Both problems might be cleared up by better understanding an energetic process called reconnection, which happens when magnetic field lines merge when they get too close to each other. Reconnection releases energy and helps move plasma around, so the process could be important to heating the corona and driving solar wind.

But in the best observations until now, the outer corona appeared smooth and uniform. To explain that smoothness, field lines would have to keep their distance from each other without a lot of reconnection. What’s more, physicists couldn’t tell where the boundary between the corona and the solar wind began, which might help to find that missing energy source.
“That’s changed,” solar physicist Craig DeForest of the Southwest Research Institute in Boulder, Colo., said at the AGU meeting. “Using STEREO, we’ve recently been able to drill in deeply enough to see the transition at the outer edge of the corona, where the dynamics change from what we might call coronal plasma to what we might call the young solar wind plasma.”

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DeForest and colleagues collected data for three days with STEREO in 2014 to gain more detail about small-scale changes in the outer corona than previously obtained. The researchers also processed the resulting images in a new way to bring those changes into focus.

Surprisingly, the team found that the outer corona is full of moving blobs and fine streams of plasma that vary in density by a factor of 10, suggesting that the magnetic field lines there are moving and merging more than scientists thought. “It turns out the apparent smoothness is a reflection of our instruments, not the corona itself,” DeForest says. “There’s almost certainly reconnection in the outer corona.”

The researchers also found that the corona probably fades into the solar wind between 14 million and 56 million kilometers away from the sun — about 10 to 40 times the sun’s diameter. That’s still a big range, but NASA’s Parker Solar Probe spacecraft, scheduled to launch in 2018, will fly right through that boundary. The probe will swoop within 6.4 million kilometers of the sun and take the first direct measurements of the corona — and perhaps figure out more precisely where the corona becomes the solar wind.

For now, the STEREO observations “are just tantalizing hints at an entire new set of phenomena,” DeForest says. Understanding the details of those processes “is going to require both careful analysis from Parker Solar Probe and also new, better imaging instruments.”

Solar physicist Steven Cranmer of the University of Colorado Boulder, who has made simulations of magnetic reconnection in the outer corona, finds the results exciting. Questions about the sun’s hot corona and the acceleration of the solar wind are still unsolved “not because of a lack of ideas, but because there are too many ideas,” he says. “I think we’re getting close to having the data that will let us rule out a good swath of these proposed ideas.”

These disease-fighting bacteria produce echoes detectable by ultrasound

Ultrasound can now track bacteria in the body like sonar detects submarines.

For the first time, researchers have genetically modified microbes to form gas-filled pouches that scatter sound waves to produce ultrasound signals. When these bacteria are placed inside an animal, an ultrasound detector can pick up those signals and reveal the microbes’ location, much like sonar waves bouncing off ships at sea, explains study coauthor Mikhail Shapiro, a chemical engineer at Caltech.

This technique, described in the Jan. 4 Nature, could help researchers more closely monitor microbes used to seek and destroy tumors or treat gut diseases (SN: 11/1/14, p. 18).
Repurposing ultrasound, a common tissue-imaging method, to map microbes creates “a tool that nobody thought was even conceivable,” says Olivier Couture, a medical biophysicist at the French National Center for Scientific Research in Paris, who wasn’t involved in the work.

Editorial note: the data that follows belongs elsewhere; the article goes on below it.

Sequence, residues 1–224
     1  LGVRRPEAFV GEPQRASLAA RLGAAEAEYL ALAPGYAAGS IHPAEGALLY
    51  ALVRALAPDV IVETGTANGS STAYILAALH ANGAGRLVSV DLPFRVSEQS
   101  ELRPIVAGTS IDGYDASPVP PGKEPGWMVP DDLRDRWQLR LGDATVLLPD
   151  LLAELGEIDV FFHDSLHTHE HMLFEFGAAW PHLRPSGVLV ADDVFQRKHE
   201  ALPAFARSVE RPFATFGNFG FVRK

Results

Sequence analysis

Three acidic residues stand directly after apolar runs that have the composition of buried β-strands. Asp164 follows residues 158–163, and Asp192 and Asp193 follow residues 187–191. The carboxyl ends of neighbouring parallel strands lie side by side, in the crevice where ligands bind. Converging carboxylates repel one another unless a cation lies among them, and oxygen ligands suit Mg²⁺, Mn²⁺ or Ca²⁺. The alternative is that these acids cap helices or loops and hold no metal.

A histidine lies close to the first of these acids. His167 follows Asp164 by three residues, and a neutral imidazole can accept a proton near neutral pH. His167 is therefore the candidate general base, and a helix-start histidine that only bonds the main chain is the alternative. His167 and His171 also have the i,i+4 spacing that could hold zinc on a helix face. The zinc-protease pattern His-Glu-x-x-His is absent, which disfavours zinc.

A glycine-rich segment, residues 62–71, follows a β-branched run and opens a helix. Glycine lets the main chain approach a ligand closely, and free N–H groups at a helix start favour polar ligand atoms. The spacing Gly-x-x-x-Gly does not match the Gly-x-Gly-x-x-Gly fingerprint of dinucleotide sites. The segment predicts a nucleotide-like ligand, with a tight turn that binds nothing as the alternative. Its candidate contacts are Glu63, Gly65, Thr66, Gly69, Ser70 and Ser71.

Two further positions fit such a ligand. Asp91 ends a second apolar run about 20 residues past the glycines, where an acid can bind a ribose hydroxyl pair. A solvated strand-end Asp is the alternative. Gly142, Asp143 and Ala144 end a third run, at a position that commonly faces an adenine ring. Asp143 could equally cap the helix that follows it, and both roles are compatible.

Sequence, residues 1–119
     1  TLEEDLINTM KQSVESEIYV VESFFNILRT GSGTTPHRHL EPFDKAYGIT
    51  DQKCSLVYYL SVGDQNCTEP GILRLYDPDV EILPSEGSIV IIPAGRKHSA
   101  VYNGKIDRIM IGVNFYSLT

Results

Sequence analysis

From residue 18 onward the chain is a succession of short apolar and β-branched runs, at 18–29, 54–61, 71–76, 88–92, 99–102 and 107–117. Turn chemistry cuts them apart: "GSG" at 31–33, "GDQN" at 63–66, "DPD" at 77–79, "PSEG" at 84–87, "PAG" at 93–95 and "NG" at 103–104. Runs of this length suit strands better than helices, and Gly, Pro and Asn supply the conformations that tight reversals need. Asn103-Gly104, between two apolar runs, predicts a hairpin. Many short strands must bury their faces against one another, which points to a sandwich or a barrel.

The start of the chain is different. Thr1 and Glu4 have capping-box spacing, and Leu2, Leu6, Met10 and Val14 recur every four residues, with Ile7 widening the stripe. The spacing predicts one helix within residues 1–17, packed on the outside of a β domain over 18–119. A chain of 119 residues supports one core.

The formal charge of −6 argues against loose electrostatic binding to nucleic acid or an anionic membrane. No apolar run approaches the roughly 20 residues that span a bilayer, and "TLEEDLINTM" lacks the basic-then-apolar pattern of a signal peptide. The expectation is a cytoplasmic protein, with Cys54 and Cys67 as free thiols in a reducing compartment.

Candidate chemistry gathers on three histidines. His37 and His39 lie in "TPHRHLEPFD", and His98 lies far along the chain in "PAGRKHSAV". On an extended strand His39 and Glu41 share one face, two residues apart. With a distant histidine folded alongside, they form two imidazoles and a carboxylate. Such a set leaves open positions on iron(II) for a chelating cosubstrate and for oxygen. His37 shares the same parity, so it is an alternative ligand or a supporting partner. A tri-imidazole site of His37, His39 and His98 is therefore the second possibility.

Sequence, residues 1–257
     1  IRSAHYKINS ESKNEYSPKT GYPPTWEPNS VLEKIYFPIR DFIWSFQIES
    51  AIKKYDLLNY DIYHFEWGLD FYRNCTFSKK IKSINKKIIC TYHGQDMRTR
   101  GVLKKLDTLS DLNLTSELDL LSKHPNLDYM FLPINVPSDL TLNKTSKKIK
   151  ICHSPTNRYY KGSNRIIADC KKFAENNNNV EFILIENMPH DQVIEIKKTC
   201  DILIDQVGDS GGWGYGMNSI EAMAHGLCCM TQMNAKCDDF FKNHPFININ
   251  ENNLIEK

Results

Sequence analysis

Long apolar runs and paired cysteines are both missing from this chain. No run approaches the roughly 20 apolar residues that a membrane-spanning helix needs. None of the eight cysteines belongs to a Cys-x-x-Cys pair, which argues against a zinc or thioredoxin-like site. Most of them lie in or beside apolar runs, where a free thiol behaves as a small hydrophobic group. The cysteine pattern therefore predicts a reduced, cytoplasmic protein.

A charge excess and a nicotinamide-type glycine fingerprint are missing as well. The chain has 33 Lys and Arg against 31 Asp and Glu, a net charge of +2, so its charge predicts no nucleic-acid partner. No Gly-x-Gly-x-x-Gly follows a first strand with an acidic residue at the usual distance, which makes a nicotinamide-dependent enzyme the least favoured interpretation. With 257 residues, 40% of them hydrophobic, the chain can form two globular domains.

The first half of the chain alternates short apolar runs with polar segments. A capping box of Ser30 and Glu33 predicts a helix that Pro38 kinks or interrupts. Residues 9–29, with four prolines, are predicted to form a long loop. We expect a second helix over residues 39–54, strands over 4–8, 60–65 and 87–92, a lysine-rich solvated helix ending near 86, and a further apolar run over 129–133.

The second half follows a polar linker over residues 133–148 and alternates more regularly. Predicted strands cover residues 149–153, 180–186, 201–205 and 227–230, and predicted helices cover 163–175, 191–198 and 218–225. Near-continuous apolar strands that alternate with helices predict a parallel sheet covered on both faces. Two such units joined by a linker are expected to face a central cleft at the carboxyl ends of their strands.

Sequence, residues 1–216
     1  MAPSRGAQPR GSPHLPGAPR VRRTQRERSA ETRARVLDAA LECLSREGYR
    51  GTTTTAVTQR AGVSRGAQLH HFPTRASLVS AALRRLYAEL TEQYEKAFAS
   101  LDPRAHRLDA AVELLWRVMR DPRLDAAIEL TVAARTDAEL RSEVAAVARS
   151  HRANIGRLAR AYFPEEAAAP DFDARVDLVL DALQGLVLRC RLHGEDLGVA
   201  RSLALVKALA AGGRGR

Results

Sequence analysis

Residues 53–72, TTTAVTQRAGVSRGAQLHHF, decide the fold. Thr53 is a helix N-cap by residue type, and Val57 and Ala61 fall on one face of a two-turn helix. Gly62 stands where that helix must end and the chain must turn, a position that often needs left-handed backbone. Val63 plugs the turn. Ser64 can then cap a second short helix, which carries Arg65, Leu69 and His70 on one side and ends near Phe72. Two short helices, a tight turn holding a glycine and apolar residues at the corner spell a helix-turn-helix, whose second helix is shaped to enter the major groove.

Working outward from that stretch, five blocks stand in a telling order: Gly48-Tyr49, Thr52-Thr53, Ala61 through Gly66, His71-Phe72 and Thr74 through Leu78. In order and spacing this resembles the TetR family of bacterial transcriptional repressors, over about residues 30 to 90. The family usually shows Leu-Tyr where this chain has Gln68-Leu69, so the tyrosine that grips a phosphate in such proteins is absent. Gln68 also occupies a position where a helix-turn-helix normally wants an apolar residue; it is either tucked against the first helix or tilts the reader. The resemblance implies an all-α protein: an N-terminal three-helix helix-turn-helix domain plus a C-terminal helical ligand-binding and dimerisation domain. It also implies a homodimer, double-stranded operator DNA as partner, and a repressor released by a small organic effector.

Until now, researchers have tracked disease-fighting bacteria in the body by genetically engineering them to glow green in ultraviolet images. But that light provides only blurry views of microbes in deeper tissue — if it can be seen at all. With ultrasound, “we can go centimeters deep and still see things with a spatial precision on the order of a hundred micrometers,” Shapiro says.

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Shapiro and his colleagues engineered a strain of E. coli used to treat gut infection to form gas compartments, and injected these bacteria into mice’s bellies. Unlike glowing bacteria — which could only be pinpointed to somewhere in a mouse’s abdomen — ultrasound images located the gas-filled microbes in the colon. The researchers also used their ultrasound technique in mice to image Salmonella bacteria, which could be used to deliver cancer-killing drugs to tumor cells.

Bacteria that produce ultrasound signals can also be designed to help diagnose illnesses, Shapiro says. For instance, a patient could swallow bacteria engineered to create gas pockets wherever the microbes sense inflammation. A doctor could then use ultrasound to search for inflamed tissue, rather than performing a more invasive procedure like a colonoscopy.

Tiny scales in ancient lagoon may be the first fossil evidence of the moth-butterfly line

Newly described little scaly bits could push back the fossil record of the moth-and-butterfly branch on the tree of life by some 70 million years. That raises the question of whether the drinking-straw mouthparts evolved long before the flower nectar many drink today.

The microscopic ridged scales date from roughly 200 million years ago, around the time of one of Earth’s less famous mass extinctions, says fossil-pollen specialist Bas van de Schootbrugge of Utrecht University in the Netherlands. During an unrelated study of ocean oxygen during this dire time, he and his colleagues pulled up cores of sediment in northern Germany near Braunschweig from what had once been a huge lagoon. In the sediment lay mere dots of insect scales.
Comparing the ridges and inner structure of the scales with those from modern insects suggests the fossils came from the evolutionary branch of insects that today gives us moths and butterflies with nectar-sipping mouthparts. No recognizable mouthparts appeared in the sediment. Yet the early existence of distinctive scales might mean this moth-butterfly drinking organ, a proboscis, evolved before the explosion of the classic flowering plants that offer nectar for pollination, van de Schootbrugge and colleagues propose January 10 in Science Advances.